(10) However, the idea that the PIIGS leaving the Eurozone would save it might be flawed.  Rather, a PIIGS exit is more likely to give the Eurozone a temporary stay of execution.  The flaws of the currency union are significant enough so that another decade down the line, we could see the exact same issues.  

(11) I would not invest in Germany right now.  In some ways, it's the most vulnerable Eurozone nation, because the market is already pricing in a lot of distress in the PIIGS, but Germany is considered "safe".  This is completely untrue. Germany is very vulnerable to the changes that will inevitably occur over the next few years. 

(12) In a worst case scenario where the Eurozone dissolved, the German banks would be in deep trouble due to debt restructurings in Greece and Ireland.  Moreover, the Deutsche Mark would dramatically strengthen, thereby killing German exports.    Right now, Germany's economy is held up by an artificially weak Euro (from the perspective of Germany's natural currency) and artificially low interest rates.  Any interruption in that could change things for the Germans. 

(13) I'd be terrified to invest in most Eurozone banks.  The only Eurozone investments I have considered are telecom companies and big international firms (e.g. ABB, Siemens).  Only a few banks might be worthwhile.

(14) Banco Santander is my one and only Eurozone investment right now.  Even Santander is not immune, but they hold about 30 billion in Spanish government debt securities with around 80 billion in equity.  Their capital levels are significantly higher than most Eurozone banks and they have much greater diversification, with a huge Latin American presence, as well as a US and UK presence.  I'm betting that Santander can survive the worst-case Eurozone scenario, but I could be wrong.  I would not make this bet with any other Eurozone bank.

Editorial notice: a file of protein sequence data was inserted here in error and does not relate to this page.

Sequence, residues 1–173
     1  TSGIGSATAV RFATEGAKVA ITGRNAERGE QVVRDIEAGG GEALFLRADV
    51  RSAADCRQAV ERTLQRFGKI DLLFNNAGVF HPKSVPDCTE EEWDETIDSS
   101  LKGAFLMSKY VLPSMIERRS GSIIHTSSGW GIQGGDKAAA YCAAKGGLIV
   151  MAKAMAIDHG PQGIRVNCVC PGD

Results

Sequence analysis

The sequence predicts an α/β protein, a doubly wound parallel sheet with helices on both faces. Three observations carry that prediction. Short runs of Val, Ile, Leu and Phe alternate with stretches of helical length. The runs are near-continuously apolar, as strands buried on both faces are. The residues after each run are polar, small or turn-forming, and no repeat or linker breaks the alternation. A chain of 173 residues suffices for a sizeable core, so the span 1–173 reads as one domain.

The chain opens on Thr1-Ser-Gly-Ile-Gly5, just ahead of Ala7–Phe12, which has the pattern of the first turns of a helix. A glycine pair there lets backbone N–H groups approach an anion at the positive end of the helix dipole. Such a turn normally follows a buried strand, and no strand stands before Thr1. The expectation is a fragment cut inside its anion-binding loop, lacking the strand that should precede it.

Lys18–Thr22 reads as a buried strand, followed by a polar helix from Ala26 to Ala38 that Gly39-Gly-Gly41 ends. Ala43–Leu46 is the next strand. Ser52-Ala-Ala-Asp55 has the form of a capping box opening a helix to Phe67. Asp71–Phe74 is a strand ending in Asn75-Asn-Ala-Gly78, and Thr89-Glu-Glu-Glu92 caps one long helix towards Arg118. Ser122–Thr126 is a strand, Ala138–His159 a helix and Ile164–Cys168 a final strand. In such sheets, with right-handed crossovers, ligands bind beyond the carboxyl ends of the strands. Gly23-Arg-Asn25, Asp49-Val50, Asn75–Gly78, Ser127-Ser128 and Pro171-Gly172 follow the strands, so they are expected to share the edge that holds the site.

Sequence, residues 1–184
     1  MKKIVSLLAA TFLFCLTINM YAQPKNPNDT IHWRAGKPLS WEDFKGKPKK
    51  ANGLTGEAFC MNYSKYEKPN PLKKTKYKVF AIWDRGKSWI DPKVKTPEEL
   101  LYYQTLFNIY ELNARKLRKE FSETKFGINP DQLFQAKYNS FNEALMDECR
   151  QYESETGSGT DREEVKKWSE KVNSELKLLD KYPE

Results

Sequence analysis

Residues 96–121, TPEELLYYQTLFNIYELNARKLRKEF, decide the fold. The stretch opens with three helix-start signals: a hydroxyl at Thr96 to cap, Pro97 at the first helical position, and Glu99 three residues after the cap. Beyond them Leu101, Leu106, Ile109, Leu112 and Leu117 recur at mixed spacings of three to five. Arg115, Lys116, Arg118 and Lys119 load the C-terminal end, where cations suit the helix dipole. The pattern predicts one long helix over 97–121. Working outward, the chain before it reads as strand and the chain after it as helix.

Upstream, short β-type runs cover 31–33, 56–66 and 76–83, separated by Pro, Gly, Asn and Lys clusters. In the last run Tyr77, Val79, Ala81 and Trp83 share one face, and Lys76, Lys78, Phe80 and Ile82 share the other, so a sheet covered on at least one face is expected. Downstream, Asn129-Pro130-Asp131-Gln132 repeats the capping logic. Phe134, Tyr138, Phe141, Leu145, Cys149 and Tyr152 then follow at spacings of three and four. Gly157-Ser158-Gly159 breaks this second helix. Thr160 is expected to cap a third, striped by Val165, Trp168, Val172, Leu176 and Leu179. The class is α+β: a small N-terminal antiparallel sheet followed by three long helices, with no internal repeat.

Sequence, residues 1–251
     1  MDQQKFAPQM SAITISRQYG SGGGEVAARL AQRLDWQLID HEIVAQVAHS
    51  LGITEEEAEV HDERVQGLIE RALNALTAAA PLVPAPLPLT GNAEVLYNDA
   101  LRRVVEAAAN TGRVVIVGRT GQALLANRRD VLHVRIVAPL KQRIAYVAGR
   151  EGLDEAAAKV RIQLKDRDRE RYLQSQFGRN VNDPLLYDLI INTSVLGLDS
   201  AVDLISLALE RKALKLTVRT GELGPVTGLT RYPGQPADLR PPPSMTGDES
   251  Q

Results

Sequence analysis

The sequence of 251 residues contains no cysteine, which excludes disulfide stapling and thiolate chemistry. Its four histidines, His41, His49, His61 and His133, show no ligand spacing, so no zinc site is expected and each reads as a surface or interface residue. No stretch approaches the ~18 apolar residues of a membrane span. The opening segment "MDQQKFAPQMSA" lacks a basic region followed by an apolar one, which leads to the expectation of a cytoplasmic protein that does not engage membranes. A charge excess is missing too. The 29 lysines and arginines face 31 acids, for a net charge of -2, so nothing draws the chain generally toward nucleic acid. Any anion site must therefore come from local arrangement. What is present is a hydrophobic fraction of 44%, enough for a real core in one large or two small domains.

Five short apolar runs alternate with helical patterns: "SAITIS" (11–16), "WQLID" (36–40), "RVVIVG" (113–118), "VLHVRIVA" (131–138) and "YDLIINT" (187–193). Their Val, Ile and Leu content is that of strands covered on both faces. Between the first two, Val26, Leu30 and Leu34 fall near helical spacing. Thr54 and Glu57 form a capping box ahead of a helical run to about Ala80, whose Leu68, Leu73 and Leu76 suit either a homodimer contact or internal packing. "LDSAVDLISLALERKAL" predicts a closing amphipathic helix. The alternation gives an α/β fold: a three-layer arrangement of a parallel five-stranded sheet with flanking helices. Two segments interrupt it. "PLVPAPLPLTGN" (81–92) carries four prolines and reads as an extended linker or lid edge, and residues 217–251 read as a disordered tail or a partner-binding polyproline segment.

(15) The thing that makes the Eurozone situation so difficult to invest in is that no one really knows what's going to happen in the end.  The ultimate outcome will be driven by a combination of political considerations and economic realities and it's difficult to predict where the two will meet.  The Euro, itself, could be saved if the Eurozone nations eventually decide it's in their interest to change the mechanisms behind it.  If not, the Eurozone will either dissolve, a few nations will split off from it, or it could just become a big zombie for the next few years. 

(16) If I had to wager, I'd bet that within the next five years, at least two nations will leave the Eurozone.  But this is a shot in the dark, given the potential number of outcomes.  My main reason for believing this will occur is that I see virtually no desire to cooperate within the Eurozone in order to make the Euro sustainable.  So what seems more likely is that eventually, some populist movement in particular nations push the government to end austerity policies and exit the Eurozone. 

(17) Btw, austerity is only making things worse.  People like to think of governments like individuals, but this is a poor comparison.  Here's the problem:  the PIIGS have artificially overvalued currencies because the Euro includes stronger economic nations like Germany, Austria, and Finland.  This means that assets in the PIIG nations are artificially overvalued.  This means there are downward price pressures until equilibrium is hit, so there are major deflationary pressures.  Austerity means higher taxes and lower government spending.  Higher taxes mean that assets are worth less.  Lower government spending means that assets produce lesser cash flows, and hence are also worth less.  So you can't solve an issue of artificially overvalued assets by beating down the intrinsic values further.  

That's all for now.  Or at least, that's more than enough for one post.